Taking Back America: Here, Finally, Is A Chinese Mega-Blooper—And a Chance For The U.S. To Turn The Tables by Eamon Fingleton for Forbes.
Many American universities are hosts to Confucian Institutes for the study of Chinese language and culture, which are paid for and largely controlled by the government of China. In terms of money, a Confucian Institute is a bargain. In terms of academic freedom, it is a disaster.
Since the days of Mao Zedong, the Chinese government has manipulated Western scholarship by allowing access to the country and to its archives only to scholars whose views it finds acceptable. No American scholar who works for a Confucian Institute will be able to do research the Chinese government finds displeasing.
I think the likelihood of administrators of American universities breaking their ties with the Chinese government is equivalent to the likelihood of their prioritizing the search for truth over the maximizing of revenue. Which is not likely anytime soon.
Why the Myers-Briggs test is totally meaningless by Joseph Stromberg for Vox.
The Myers-Briggs personality test classifies people as extroverted or introverted, sensing or intuitive, thinking or feeling, and judging or perceiving on the basis of 93 questions, yielding 16 possible combinations of personality types.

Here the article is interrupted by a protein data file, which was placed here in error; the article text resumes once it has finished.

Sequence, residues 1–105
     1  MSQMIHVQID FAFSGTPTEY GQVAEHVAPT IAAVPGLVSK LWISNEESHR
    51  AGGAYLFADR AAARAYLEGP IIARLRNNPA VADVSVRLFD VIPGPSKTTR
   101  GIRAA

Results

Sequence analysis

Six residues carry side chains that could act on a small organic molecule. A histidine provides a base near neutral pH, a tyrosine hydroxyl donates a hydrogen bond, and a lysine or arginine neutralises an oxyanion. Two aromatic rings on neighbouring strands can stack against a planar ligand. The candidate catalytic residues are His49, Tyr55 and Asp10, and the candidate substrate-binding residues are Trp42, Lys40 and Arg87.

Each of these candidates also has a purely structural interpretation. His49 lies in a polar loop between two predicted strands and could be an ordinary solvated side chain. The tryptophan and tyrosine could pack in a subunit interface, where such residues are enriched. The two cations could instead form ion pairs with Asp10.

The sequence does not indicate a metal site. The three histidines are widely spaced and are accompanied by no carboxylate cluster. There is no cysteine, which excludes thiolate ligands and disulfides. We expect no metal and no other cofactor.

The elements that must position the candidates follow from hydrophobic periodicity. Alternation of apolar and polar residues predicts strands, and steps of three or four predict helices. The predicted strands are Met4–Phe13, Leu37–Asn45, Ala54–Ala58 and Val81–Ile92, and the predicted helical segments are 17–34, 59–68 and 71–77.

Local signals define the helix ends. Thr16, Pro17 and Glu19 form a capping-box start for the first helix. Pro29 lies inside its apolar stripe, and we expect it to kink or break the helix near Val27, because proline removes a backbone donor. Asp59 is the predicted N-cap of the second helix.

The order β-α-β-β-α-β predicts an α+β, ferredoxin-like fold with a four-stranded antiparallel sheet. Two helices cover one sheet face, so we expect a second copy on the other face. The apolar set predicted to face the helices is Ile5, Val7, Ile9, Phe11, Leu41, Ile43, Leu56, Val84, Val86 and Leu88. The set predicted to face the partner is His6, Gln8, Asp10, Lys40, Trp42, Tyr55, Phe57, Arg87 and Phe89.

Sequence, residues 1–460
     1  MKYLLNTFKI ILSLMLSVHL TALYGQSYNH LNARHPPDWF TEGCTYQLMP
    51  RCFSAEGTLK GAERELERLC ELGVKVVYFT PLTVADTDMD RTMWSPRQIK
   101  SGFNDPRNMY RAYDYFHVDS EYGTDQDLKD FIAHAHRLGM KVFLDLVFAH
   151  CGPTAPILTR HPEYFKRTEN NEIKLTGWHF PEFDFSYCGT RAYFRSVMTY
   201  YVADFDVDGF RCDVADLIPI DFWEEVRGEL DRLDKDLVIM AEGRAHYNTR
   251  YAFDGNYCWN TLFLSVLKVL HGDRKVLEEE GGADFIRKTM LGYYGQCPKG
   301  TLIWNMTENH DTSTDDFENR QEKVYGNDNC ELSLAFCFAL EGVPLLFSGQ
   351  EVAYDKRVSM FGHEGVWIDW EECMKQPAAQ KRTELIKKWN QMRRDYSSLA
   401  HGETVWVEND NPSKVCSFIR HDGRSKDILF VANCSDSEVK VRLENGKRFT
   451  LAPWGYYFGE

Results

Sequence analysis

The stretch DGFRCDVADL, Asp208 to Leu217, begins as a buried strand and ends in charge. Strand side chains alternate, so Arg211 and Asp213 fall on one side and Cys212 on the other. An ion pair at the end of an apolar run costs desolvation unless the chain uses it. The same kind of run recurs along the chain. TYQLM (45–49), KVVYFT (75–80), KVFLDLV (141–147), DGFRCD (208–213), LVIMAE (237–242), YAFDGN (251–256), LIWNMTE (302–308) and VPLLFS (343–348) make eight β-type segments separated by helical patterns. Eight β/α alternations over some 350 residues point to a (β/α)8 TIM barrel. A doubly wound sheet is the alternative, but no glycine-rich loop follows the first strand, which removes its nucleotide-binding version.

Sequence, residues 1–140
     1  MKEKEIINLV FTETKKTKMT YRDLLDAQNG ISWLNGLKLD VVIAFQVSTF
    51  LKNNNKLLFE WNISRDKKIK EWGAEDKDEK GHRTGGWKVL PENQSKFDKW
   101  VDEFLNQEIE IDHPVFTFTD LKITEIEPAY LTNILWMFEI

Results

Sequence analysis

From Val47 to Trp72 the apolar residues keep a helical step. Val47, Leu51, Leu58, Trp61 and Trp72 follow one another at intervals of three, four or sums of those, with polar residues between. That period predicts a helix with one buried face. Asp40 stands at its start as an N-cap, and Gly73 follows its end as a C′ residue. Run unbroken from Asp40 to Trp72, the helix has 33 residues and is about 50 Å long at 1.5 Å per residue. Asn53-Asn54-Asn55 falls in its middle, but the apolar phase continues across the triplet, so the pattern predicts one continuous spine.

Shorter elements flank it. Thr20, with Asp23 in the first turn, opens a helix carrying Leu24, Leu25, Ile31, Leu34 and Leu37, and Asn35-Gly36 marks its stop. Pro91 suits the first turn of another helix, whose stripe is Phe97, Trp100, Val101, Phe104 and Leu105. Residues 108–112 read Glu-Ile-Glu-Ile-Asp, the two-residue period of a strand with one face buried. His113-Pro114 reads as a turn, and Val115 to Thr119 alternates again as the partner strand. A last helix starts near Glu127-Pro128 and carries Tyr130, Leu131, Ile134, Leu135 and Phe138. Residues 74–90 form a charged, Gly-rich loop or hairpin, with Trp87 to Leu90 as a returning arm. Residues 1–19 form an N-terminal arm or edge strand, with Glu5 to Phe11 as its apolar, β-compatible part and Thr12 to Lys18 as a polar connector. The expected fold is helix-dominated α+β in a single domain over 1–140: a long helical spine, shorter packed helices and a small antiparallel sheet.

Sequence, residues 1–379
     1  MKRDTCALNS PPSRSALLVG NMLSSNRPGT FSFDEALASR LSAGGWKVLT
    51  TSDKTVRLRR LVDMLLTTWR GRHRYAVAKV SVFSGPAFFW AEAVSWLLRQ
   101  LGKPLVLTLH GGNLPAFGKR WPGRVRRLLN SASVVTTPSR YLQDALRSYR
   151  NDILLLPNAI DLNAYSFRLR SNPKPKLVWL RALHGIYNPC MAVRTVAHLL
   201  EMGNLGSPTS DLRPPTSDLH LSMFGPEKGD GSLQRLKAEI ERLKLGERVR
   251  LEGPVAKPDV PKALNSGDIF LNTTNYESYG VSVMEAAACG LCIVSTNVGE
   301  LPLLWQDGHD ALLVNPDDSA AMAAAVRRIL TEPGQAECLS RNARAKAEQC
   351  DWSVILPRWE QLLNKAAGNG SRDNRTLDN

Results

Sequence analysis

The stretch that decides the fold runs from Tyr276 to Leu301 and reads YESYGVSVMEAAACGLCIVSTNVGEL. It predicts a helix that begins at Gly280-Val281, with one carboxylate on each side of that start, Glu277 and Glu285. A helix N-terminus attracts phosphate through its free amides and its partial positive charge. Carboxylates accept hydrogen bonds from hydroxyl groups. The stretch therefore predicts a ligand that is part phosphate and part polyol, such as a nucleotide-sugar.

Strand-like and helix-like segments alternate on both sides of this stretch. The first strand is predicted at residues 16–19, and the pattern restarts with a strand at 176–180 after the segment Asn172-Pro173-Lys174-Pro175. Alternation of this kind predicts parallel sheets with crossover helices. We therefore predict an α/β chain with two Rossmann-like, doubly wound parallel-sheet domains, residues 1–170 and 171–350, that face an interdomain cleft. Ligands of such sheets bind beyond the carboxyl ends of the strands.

The problems are (1) few people are clearly one or the other of the alternativeds, (2) there is no evidence that Myers-Briggs predicts success or failure in any endeavor and (3) about half the people who take the test twice get different results the second time. Why then is it so popular? Marketing, plus entertainment value.
The Pentagon’s $300 Billion Plane to Nowhere by Kate Brannen for Foreign Policy.
When Lockheed Gives You Lemons by Scott Beauchamp for The Baffler.
The U.S. government plans to spend nearly $400 billion to buy 2,443 F-35 fighters, an advanced new warplane that has the disadvantage of being unsafe to fly and almost certainly ineffective in combat.
But if Lockheed Martin’s aeronautical engineering is inadequate, its political engineering is superb. There are F-35 subcontractors in 45 of the 50 states, and a congressional caucus organized to make the F-35 contract goes through.
Kate Brannen of Foreign Policy quoted a former Pentagon acquisitions officer as saying, “A upfront question with any program now is: How many congressional districts is it in?”